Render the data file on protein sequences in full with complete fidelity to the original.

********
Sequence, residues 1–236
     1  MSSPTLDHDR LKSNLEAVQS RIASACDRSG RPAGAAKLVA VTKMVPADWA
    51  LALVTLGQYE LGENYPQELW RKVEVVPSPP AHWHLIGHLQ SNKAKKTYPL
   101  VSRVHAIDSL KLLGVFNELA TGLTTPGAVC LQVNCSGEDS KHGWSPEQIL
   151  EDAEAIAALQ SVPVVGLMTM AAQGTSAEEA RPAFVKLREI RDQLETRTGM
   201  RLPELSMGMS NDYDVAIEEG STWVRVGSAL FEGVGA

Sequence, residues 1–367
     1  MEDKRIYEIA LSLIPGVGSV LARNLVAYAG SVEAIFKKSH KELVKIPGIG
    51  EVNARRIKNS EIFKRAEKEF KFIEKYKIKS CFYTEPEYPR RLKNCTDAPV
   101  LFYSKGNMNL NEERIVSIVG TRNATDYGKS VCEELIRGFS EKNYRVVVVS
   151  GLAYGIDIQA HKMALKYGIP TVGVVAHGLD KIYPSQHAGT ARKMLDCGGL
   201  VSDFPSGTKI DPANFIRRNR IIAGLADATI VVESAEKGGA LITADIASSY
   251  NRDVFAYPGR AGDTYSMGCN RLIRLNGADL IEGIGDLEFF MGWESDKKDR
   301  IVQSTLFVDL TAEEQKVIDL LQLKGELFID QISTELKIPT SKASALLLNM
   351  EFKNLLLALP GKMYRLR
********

Sequence, residues 1–236
     1  MSSPTLDHDR LKSNLEAVQS RIASACDRSG RPAGAAKLVA VTKMVPADWA
    51  LALVTLGQYE LGENYPQELW RKVEVVPSPP AHWHLIGHLQ SNKAKKTYPL
   101  VSRVHAIDSL KLLGVFNELA TGLTTPGAVC LQVNCSGEDS KHGWSPEQIL
   151  EDAEAIAALQ SVPVVGLMTM AAQGTSAEEA RPAFVKLREI RDQLETRTGM
   201  RLPELSMGMS NDYDVAIEEG STWVRVGSAL FEGVGA

Sequence, residues 1–367
     1  MEDKRIYEIA LSLIPGVGSV LARNLVAYAG SVEAIFKKSH KELVKIPGIG
    51  EVNARRIKNS EIFKRAEKEF KFIEKYKIKS CFYTEPEYPR RLKNCTDAPV
   101  LFYSKGNMNL NEERIVSIVG TRNATDYGKS VCEELIRGFS EKNYRVVVVS
   151  GLAYGIDIQA HKMALKYGIP TVGVVAHGLD KIYPSQHAGT ARKMLDCGGL
   201  VSDFPSGTKI DPANFIRRNR IIAGLADATI VVESAEKGGA LITADIASSY
   251  NRDVFAYPGR AGDTYSMGCN RLIRLNGADL IEGIGDLEFF MGWESDKKDR
   301  IVQSTLFVDL TAEEQKVIDL LQLKGELFID QISTELKIPT SKASALLLNM
   351  EFKNLLLALP GKMYRLR